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Tradition and Change

by Brad Foster, Executive & Artistic Director

I gave a keynote address to the Southeast Dance Leadership Conference in North Carolina in October of this year. I wanted to show the lively and innovative state of change of contemporary life, and to contrast that to similar change in the past. I chose three videos to make the point.

First, the Demon Barbers Roadshow, a performing group in England combining superb English clog, morris and sword with hip-hop:

The concept, as they say in the video, is “to try to see the similarity between traditional dance and modern dance, especially street dance and clog. Quite soon we realized that a lot of footwork was very, very similar.” This collaboration between traditions of dance — and, you’ll notice, music — yields a discovery that they aren’t so different. In a sense, of course, morris is street dance, too.

On our side of the pond, another kind of fusion is going on with contra dancing right now, as in this video from Seattle:

Techno contra: hard, driving beat, sampled music, glow sticks, hot and sweaty dancing, and new moves. In addition to great camera work from Doug Plummer, there’s another reason I highlight this video in particular. Techno contras emerged, as much as you can pinpoint these things, in the Asheville, NC area only a couple of years ago. Amazing how widely it has spread in that short time!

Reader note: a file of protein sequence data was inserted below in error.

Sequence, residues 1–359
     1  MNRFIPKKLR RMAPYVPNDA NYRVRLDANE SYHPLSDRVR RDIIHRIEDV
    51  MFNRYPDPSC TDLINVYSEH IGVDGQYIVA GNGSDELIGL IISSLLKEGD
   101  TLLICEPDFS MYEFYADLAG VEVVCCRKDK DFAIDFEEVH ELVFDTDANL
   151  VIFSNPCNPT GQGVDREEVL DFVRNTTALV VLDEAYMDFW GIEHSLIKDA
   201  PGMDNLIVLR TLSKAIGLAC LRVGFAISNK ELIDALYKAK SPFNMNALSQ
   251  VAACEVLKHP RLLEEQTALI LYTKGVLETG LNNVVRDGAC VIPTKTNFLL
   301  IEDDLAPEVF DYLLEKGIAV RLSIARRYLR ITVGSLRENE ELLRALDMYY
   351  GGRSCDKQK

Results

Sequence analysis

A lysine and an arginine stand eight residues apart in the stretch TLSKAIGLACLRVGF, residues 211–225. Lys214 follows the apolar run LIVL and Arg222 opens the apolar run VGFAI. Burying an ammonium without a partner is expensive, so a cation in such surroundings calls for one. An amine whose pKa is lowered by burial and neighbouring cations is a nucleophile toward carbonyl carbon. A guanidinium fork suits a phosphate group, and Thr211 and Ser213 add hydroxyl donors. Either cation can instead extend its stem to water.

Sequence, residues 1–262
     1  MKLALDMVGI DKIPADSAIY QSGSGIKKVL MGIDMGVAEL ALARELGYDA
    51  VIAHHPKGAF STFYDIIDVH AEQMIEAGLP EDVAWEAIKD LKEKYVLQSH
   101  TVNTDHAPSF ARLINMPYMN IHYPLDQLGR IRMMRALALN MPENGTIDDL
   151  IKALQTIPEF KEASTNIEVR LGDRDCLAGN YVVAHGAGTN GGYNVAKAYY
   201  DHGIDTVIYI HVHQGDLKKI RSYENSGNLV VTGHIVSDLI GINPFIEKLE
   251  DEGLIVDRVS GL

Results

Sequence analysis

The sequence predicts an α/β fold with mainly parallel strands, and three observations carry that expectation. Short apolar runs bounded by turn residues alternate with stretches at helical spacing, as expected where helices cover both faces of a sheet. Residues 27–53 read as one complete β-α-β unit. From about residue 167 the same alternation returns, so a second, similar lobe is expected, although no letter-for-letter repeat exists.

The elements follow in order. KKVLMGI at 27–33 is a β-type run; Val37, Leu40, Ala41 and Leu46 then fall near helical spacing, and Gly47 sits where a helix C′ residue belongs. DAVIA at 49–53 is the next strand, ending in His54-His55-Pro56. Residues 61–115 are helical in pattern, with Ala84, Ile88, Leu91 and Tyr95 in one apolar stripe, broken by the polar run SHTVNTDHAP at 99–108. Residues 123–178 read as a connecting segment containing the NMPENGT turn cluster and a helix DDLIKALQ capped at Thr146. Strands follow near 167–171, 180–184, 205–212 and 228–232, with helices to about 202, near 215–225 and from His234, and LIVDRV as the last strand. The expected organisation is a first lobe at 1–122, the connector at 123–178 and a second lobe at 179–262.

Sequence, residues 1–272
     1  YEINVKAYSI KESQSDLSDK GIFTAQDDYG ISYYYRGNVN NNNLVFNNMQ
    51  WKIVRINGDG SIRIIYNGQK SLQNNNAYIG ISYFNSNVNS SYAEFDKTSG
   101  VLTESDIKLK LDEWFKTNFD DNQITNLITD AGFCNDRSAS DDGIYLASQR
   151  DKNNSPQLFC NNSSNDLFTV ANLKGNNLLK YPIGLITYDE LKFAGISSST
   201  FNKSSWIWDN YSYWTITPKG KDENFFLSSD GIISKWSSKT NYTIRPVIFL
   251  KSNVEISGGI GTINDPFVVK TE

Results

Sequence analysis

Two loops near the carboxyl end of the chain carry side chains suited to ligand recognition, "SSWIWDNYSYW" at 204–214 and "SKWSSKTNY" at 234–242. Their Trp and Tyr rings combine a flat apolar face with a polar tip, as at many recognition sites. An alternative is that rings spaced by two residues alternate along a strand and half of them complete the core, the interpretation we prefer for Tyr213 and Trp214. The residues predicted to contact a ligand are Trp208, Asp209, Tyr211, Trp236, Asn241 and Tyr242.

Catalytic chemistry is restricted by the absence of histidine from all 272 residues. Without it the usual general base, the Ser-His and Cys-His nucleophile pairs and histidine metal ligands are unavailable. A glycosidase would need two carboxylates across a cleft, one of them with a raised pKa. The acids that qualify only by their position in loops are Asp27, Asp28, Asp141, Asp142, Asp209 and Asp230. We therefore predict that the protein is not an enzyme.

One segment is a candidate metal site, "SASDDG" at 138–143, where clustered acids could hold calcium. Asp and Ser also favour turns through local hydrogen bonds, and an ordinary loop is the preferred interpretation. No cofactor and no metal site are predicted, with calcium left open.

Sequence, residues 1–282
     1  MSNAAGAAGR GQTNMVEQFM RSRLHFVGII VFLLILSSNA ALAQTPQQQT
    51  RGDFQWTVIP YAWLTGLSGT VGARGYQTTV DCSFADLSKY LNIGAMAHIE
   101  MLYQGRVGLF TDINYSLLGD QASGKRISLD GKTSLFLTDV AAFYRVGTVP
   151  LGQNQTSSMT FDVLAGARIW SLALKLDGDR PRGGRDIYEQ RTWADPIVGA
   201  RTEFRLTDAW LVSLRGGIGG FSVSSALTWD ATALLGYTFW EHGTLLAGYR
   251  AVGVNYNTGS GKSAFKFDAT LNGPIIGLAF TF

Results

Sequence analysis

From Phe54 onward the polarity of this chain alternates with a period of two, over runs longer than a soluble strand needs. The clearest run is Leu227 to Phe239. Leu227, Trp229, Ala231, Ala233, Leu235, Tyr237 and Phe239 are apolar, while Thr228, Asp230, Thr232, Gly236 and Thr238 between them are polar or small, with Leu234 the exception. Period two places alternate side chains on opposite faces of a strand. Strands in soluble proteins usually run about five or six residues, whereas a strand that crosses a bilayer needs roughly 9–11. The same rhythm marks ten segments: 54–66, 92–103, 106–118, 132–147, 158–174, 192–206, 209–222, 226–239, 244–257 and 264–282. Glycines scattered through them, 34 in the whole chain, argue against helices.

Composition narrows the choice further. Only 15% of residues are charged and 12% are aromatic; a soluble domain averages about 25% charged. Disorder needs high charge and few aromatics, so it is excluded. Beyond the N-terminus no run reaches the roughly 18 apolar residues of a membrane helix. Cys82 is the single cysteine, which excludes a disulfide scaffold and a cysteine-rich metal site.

Techno contra is one current manifestation of taking tradition and playing with it, but here’s the 1964 version:

Nelson, NH with Dudley Laufman calling. It’s an encounter between generations of dancers: there are the old-timers and then there are the newer, mostly younger dancers. How joyful and familiar it is to watch their interactions, all contained within a single community. It’s essentially the same experience we have still. In the Nelson video, you can see some of the traditions that were changing back then, but you’re also seeing what’s happening now. I love how we now take for granted things I remember as radical to us 30 or even 20 years ago. Twirls of all kinds. The twos joining in Petronella!

The fact that we have fusion is nothing new. Often you are in the middle of it and you don’t notice it until something unexpected happens. But in truth, the unexpected keeps happening. Traditions will adapt. The forms will change.

Are techno contra and hip-hop morris part of our future? In both cases I’m sure the answer is “definitively maybe” or “sort of”. It’s likely some elements will make their way into the run-of-the-mill, as happened with swing moves in contra dancing. Both will influence our traditional arts but won’t become those arts. Even techno contra is morphing, with people saying, “That’s nice, but I want to try taking it in yet a different direction.”

I find all of this fascinating and exciting. The chaos that comes from all this change is a very good sign. It’s a sign our traditions are alive.

So, how does all this speak to your experiences? What changes and innovations have you seen? Which are on the horizon? And, of course, what aspects of our traditions remain unchanged?

- Brad

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  • [...] the first post on the CDSS blog last December, Brad Foster wrote about Tradition and Change. He closed by musing about the future of traditional fusion: Are techno contra and hip-hop morris [...]

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